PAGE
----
Shakedown in education system urgently needed

BIZLINKS - Rey Gamboa (The Philippine Star) - November 19, 2020 - 12:00am

Urgent change is contingent in the country’s educational system if graduates are to meet the growing demands of the labor market. We have to grow our human resource value – from being simply suppliers of labor for low paying jobs, to being pivotal and value-adding manpower – locally and globally.

Almost a year ago, the Department of Education (DepEd) released the depressing results of the 2018 Programme for International Student Assessment (PISA), where a test of some the country’s 15-year-olds from both public and private schools resulted in dismally low scores.

The ranking among the 79 participating countries found our students at the lowest levels in reading, science, and mathematics literacy. This meant that our high school graduates could read well, but had a poor grasp of what they were reading. Likewise, science and math theories may have been “learned,” but not their applications.

This is not just a problem for the DepEd, but also for the Commission of Higher Education (CHEd), the Technical Education and Skills Development Authority (TESDA), the private education system, and the whole business sector.

If essential and deep learning has not been acquired at the basic education levels, the quality of students at higher levels, and even graduates now applying for jobs or already employed become suspect to some form of learning deficiency.

Reform initiatives

Before the world was rudely interrupted by the coronavirus pandemic, DepEd had responded to the PISA results with the launch of Sulong EduKalidad, a program that hinges on how it will transform basic education to respond to the demands of the 21st century.

Sulong EduKalidad calls for a review and update of the K to 12 curricula, an improvement of the current learning environment, an upgrade of teachers’ competencies, and the engagement of stakeholders for support and collaboration.

Any progress on Sulong EduKalidad, however, had to be set aside as DepEd focused on the more pressing problem of bringing students to a new-normal learning environment where health safety was the primary concern over quality education.

The same could be said of other learning institutions in the country – and across the globe for that matter. With the world now starting to learn how to live and survive in the pandemic, attention is returning to business that had been interrupted at the start of the year.

21st century skills

For the education sector, this signals the resumption of efforts to get students prepped up and ready to acquire 21st century skills, which definition has increasingly been clarified and updated in relation to the emerging fourth industrial revolution and everything that artificial intelligence brings.

Such skills include, but are not confined to, critical thinking, information synthetizing, information and communication technology (ICT) literacy, computer programming knowledge, ease of working in virtual workspaces, and an understanding of the global ecosystem.

The race among nations to equip people with the essential skills for the future has been going on for sometime now, but could still be considered in its infancy stage.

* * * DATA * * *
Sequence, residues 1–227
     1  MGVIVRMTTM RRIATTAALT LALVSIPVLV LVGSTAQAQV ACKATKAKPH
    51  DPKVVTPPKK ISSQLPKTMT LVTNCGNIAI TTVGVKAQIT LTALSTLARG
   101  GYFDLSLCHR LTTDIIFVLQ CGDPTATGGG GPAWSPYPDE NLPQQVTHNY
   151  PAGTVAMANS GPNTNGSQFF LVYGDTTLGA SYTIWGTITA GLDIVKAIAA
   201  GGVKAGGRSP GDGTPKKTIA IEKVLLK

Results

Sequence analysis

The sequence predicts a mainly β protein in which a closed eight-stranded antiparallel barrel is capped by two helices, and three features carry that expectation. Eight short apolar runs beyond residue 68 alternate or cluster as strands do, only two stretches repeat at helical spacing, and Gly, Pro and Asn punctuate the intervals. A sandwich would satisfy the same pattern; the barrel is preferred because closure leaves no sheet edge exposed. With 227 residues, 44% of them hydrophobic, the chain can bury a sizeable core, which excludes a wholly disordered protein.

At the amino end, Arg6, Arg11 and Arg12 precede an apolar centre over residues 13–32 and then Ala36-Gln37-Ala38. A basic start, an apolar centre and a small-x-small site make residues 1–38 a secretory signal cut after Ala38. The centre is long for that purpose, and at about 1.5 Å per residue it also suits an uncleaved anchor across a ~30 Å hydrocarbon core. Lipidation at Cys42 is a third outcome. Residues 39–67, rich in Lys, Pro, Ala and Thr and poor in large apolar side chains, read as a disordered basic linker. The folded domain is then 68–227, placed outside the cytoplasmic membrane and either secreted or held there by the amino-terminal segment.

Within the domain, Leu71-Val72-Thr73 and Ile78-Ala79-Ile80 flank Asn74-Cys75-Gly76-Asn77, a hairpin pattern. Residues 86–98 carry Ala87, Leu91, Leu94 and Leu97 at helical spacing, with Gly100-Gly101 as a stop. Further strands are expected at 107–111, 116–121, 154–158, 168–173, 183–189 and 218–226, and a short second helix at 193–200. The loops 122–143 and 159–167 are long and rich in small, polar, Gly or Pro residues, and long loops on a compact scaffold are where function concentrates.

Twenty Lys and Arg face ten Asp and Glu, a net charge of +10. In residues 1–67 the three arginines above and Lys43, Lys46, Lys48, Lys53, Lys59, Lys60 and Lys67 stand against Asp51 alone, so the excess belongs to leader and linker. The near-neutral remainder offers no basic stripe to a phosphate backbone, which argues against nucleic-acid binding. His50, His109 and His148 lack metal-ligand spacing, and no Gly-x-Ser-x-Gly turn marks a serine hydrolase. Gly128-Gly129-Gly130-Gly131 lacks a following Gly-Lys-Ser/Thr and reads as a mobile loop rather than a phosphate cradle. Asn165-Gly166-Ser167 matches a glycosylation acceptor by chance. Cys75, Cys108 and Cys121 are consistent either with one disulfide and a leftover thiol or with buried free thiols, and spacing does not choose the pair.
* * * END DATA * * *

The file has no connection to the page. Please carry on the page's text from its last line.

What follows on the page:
One good indication of which countries have been more successful could be the PISA results. The Chinese, for example, are weaving tests inspired by the PISA appraisals into their own learning environments to align with emerging human resource standards. The same is true for educational systems in countries that have become more receptive to demand for labor skill changes.


All these initiatives, however, can still be considered a part of an overall experimentation in the learning system, from basic education to the retraining of the work force, as the traditional ABCs of education are being questioned and abandoned.

For sure, in schools, the current school curriculum needs to be changed as teachers are being prepared to integrate new ways of learning. A good approach will be the adoption of several pilot pedagogies to be tested in the widest number of regions in the country.

The sooner there is conclusive evidence that learners are able to better use inquiry-based knowledge, information and communications technologies, solving skills utilizing creativity, and the ability to navigate diverse perspectives, the better for a more widespread dissemination.

During this era of experimentation, there will be mistakes, inconsistencies, and disparities during the rollout. Under more normal circumstances, perfecting new changes in the education of our youth can be done without worrying about time constraints. The demands of the 21st century, however, are already upon us.

Radically changing labor market

The task on hand is not just with the DepEd and basic education. Today’s teachers in technical learning and higher education, likewise, need to instill in their students the skills needed for the 21st century job market. In the same breadth, employers need to retool their work force to make them more agile.

In a radically changing global market, majority of Filipinos who now apply for jobs will be seen as friendly, dependable, and hard working – and only a few will be regarded as game-changers, innovators, or even leaders.

Even for our home-based businesses and sectors, we will need people who can think out of the box and quickly respond to changes and challenges. The Philippine economy can only grow as much as how well our local companies thrive.

In the end, the race is no longer about having more classrooms or teachers, or giving every student access to the internet. Everything will eventually percolate to how well we, as a nation of people, are able to think, to provide innovative solutions to problems, and to introduce groundbreaking changes that challenge current norms.

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